What is HFC?

David White

The Internet is many things these days, but no matter how many new functionalities are invented for Internet capabilities, the need is still paramount for cables to connect those Internet-related machines and to transmit those signals. Like the revolution in computer uses, the construction and functionality of computer cables have taken leaps forward in recent years. What used to carry only small amounts of data is now tasked with transferring wide-band data streams. This is where HFC comes in.

Coaxial cable is typically used during cable TV installation and for some computer, audio and visual equipment.
Coaxial cable is typically used during cable TV installation and for some computer, audio and visual equipment.

HFC stands for Hybrid Fiber Coax, a kind of transmission that is made over both coaxial and fiber optic cables. The data being transmitted over HFC cables is traditional letters and numbers, of course; but it also includes newer technology data such as streaming audio and video and Internet phone calls. What used to be only cable television signals transmitted over coaxial cables has now become broadband signals sent over HFC cables. It's email and file transmissions as well, and with the broadband capability of HFC, the transmissions can be as large as they need to be.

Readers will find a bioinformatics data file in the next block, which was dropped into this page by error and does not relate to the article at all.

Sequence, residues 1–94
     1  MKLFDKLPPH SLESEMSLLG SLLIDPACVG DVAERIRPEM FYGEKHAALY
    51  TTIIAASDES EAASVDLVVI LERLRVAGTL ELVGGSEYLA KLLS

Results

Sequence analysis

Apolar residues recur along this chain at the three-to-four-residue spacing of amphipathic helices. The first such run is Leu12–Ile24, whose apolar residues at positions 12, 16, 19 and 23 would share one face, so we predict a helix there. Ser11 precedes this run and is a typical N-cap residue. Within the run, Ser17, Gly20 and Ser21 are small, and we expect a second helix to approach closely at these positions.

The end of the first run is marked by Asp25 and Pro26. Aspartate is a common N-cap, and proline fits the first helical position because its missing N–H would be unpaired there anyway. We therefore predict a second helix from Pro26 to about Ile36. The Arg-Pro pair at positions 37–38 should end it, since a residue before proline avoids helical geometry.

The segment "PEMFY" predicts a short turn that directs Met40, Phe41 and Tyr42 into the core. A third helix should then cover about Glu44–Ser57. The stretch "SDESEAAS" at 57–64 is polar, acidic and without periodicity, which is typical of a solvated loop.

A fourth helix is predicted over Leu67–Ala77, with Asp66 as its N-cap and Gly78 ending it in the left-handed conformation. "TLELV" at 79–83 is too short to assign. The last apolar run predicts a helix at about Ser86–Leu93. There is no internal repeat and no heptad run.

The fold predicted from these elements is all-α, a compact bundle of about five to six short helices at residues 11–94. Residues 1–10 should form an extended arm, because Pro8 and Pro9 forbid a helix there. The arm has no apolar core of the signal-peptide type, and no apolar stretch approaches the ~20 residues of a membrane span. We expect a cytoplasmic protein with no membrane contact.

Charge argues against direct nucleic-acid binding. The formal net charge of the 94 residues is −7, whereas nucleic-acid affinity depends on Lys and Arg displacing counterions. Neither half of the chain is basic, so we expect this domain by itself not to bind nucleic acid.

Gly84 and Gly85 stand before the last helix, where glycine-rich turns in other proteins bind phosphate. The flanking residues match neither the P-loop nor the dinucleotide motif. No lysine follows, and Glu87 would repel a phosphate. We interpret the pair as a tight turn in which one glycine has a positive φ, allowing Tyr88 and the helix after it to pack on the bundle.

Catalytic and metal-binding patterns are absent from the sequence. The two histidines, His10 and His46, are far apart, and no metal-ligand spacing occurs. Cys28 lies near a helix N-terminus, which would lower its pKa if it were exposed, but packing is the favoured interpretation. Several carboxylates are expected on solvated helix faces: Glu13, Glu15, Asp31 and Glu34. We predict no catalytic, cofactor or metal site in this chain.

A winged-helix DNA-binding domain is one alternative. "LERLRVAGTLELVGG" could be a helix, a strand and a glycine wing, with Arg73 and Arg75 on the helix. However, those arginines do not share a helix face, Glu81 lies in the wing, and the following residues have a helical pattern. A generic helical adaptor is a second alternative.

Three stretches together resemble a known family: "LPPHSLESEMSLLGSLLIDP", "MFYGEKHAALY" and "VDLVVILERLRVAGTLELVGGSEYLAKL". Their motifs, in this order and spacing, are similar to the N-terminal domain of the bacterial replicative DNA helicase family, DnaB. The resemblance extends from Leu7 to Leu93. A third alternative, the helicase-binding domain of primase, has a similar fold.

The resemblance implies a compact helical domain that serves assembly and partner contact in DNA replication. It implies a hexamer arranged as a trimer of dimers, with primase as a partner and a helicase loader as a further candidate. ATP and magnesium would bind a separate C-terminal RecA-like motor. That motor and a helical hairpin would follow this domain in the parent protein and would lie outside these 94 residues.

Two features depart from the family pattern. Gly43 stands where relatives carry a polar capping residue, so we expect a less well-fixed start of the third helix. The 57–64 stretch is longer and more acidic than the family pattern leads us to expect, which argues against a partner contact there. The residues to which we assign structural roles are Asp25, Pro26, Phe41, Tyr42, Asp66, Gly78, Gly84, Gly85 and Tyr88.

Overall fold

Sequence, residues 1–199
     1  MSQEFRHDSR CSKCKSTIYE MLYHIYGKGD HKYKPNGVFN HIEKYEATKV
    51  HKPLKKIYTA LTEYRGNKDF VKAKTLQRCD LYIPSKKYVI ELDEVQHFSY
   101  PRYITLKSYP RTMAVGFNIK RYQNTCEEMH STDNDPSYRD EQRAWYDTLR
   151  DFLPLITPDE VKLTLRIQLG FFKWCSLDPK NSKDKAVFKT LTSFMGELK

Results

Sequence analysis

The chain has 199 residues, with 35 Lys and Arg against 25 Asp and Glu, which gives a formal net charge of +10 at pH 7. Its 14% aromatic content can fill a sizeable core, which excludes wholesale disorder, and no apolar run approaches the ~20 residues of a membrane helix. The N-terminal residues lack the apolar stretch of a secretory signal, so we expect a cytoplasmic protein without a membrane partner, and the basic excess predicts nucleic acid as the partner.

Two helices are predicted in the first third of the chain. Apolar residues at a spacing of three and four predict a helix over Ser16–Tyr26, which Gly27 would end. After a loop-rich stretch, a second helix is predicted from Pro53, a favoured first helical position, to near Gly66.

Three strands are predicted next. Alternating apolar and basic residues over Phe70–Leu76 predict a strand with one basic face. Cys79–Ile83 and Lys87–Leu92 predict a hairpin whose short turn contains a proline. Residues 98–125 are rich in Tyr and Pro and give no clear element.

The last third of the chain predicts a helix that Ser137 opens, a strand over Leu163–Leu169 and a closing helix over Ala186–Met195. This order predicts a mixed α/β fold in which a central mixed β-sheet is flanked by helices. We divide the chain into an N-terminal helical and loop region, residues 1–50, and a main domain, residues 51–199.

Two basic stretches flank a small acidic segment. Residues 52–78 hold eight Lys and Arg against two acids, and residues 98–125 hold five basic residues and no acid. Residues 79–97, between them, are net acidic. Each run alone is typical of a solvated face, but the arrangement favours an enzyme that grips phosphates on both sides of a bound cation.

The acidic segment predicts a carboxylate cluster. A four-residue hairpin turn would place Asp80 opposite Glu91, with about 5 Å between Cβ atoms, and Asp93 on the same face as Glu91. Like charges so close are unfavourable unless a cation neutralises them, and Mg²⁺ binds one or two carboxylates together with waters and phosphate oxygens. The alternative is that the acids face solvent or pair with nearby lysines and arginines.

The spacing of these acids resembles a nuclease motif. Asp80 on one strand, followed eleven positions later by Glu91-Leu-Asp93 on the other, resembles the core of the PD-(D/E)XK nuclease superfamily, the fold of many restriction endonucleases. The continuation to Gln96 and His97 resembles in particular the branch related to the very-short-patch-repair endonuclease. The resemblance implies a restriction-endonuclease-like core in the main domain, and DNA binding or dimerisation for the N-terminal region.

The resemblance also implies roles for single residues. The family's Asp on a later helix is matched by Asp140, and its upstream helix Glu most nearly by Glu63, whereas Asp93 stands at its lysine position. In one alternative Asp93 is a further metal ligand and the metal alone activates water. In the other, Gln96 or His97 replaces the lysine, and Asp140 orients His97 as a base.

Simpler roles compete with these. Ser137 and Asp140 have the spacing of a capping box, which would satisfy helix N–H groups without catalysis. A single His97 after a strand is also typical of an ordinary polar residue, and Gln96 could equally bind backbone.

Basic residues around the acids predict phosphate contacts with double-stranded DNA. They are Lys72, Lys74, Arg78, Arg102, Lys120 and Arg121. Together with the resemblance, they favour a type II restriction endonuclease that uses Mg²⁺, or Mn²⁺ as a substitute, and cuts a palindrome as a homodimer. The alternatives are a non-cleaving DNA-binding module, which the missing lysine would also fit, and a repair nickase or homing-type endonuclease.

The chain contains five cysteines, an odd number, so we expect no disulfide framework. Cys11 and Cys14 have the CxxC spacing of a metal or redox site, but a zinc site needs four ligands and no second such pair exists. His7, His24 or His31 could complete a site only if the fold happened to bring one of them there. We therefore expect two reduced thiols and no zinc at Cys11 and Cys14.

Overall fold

HFC cables are of necessity two-directional. Unlike individual coaxial cables or individual fiber optic cables, which are designed to accommodate only downstream traffic, HFC cables are manufactured to handle two-way traffic, since a full Internet connection service requires the content provider to validate sign-ins of customers. In this way, HFC cables are the next generation of data transfer cables.

HFC is usually found in the form of a network, such as a cable TV company, which uses fiber optic cables on its end to transmit data to customers who have coaxial cables on their end. This is known as a "trunk-and-branch" system, with the cable company as the trunk and the customers as the branches. In this day and age of conglomeration, many cable TV companies offer much more than traditional television. They transmit video, audio and Internet services; and for this, they use HFC cables. Such networks also usually use cable modems, which are built to DOCSIS standards.

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